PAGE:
The readings for this week were quite upsetting. All of the reading focused on the abuse that people, children in particular experienced during the mid 1800s at the height of the Industrial Revolution. The first text, The Life of the Industrial Worker in the 19th Century-England exposed the harsh circumstances people were working under in factories. The workers are often described as pale and sickly looking due to the immense amount of hours they were working each day. One of the texts mentions that there was a point where people were working seventy one hours a week. The very last text in the first reading talks about how crippled children became so early on in their youth due to the gruesome working conditions they were put under. In the poem called The Silesian Weavers a particular line struck me because of the violent image it implanted in my brain, “who wrenched the last coin from our hand of need, And shot us, screaming like dogs screaming in the street”. This sentence sums up the attitude of the factory owners who did not care about the conditions their workers were subject to. Lastly, Oastler shows the anger and frustration felt by people after witnessing and hearing accounts of abuse from children workers. Oastler recounts one boy by the age of ten who had suffered many injuries already at such a young age that would surely affect his health in the future.
These texts make me wonder about how such inhumane conditions and treatment of other human beings became acceptable in the first place. Today there are a number of companies that employ child workers who are paid very little and forced to work long hours. Not only child workers, but adults as well in many developing countries are treated poorly, regarding their wages and/or the conditions in which they are expected to work under. Why haven’t these issues been solved, why is it so easy for people to take advantage of others regarding their work? I am currently in a business class and the other day we were talking about business ethics. The question my teacher asked was as follows: Is it right of a U.S. company to support a company (presumably in an underdeveloped nation) who underpays their workers and makes them work under bad conditions if the workers say they are grateful for their work? Where is the line drawn? What if that job is the only way the workers are getting food on the table? Who are we to judge?
In his essay titled Essay on Population by Thomas Malthus he talks a lot about the relationship between population and supply. He talks about the human relationship with the resources on the earth and states that there is not enough food to sustain mankind. He goes on to propose solutions in order to counter this problem that was anticipated in the 19th century when Enlightenment was at its peak. During this time, people started moving away from the church and began to put their faith in science and reason to guide their thought and outlook on the world. Malthus states that disease and misery were the only solutions to help the people overcome the inevitable suffering that would occur due to a lack of resources because of an increasing population.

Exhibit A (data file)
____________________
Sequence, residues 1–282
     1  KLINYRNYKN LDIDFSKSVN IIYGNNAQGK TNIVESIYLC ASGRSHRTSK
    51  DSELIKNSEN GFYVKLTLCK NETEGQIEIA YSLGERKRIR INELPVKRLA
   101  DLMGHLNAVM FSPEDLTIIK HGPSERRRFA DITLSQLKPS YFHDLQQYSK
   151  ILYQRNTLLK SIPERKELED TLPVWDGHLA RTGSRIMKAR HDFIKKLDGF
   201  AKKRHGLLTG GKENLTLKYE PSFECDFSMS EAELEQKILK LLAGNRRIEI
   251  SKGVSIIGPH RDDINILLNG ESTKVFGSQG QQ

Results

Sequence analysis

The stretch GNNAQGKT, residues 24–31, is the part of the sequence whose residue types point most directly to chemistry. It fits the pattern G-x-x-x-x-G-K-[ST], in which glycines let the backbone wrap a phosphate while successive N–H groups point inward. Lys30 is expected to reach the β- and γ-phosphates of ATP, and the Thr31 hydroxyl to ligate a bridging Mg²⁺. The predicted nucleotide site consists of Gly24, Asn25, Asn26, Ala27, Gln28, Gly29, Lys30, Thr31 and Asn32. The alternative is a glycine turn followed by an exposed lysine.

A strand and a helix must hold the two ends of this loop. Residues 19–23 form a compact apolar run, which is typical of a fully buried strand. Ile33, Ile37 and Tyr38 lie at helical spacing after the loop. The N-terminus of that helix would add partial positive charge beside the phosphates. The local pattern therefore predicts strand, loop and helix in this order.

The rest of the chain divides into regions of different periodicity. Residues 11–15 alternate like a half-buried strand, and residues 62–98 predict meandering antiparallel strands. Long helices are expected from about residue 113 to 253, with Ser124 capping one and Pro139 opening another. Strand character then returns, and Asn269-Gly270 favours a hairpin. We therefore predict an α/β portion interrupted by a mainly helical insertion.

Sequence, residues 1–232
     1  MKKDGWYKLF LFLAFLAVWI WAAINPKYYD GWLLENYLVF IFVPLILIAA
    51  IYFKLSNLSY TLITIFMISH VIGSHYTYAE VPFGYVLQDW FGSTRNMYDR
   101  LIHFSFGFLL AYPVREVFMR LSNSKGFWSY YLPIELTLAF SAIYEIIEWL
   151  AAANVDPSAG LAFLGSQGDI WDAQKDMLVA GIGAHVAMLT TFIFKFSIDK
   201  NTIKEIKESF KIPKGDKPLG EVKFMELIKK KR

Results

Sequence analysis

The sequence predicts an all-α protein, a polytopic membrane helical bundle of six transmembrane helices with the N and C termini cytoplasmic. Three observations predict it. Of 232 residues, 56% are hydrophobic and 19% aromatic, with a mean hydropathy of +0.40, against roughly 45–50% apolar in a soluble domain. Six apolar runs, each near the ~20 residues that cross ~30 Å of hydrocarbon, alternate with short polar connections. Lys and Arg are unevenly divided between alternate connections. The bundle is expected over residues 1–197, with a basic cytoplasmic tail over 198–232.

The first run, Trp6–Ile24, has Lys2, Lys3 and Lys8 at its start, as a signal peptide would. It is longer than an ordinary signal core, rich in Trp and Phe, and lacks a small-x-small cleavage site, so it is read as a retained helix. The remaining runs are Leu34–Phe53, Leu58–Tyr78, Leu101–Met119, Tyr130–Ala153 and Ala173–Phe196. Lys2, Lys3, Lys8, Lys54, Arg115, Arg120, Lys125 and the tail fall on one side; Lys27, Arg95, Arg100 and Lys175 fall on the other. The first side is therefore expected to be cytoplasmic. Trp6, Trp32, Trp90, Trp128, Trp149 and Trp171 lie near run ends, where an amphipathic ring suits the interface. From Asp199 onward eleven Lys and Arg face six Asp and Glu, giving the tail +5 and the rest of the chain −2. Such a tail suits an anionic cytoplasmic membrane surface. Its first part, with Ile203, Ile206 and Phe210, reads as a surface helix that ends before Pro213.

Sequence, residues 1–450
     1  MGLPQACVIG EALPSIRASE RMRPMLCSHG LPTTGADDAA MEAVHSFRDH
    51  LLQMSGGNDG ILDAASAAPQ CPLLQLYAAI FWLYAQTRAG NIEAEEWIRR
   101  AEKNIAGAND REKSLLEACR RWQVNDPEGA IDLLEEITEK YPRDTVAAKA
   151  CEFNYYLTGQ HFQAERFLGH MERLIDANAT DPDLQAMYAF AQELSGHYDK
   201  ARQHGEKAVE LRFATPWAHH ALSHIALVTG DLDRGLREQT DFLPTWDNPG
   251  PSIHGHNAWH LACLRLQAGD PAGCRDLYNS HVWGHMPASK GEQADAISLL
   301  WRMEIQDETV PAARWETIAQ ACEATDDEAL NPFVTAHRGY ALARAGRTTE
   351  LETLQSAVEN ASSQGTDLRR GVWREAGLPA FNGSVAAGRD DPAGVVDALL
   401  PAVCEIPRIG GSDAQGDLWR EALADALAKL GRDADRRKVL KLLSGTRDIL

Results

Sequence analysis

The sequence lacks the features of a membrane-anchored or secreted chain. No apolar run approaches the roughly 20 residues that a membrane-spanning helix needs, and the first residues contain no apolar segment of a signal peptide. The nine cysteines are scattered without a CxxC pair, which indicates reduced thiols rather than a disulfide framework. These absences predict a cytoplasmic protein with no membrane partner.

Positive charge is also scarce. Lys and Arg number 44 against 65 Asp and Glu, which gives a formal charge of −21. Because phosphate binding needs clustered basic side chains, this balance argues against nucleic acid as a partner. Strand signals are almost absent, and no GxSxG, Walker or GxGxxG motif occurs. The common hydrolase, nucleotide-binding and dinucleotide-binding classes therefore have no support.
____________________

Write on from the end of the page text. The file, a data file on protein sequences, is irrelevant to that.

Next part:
While reading this piece, I couldn’t help but think of today with the rising problems credited to climate change and the growing anxiety regarding the future of our planet. It’s interesting that over a century ago Malthus predicted the increasing population as a problem facing humanity. The idea that the earth could run out of resources as essential as food didn’t seem to be a problem people were concerned about back then as much as we are now. Today there seems to be a growing pressure on our generation to come up with ways to live sustainability since so much of the earth has already been destroyed. I wonder had the technology been available during Malthus’s time would he have proposed a more logical solution than wiping out a large portion of the population with disease. I also wonder if people would have been more accepting of his idea that “the power of population is indefinitely greater than the power in the earth to produce substance for man” if they were in as desperate a time as we are today. Overall, I though this reading was very interesting because of its relevance to today. One thing I love about history is how it repeats itself so often and society doesn’t seem to learn from its mistakes. I am wondering what you think Malthus would say about society today and people’s ignorance towards the climate change, increasing lack of resources, environmental hazards that are all results of the growing population and ironically negatively impacting society.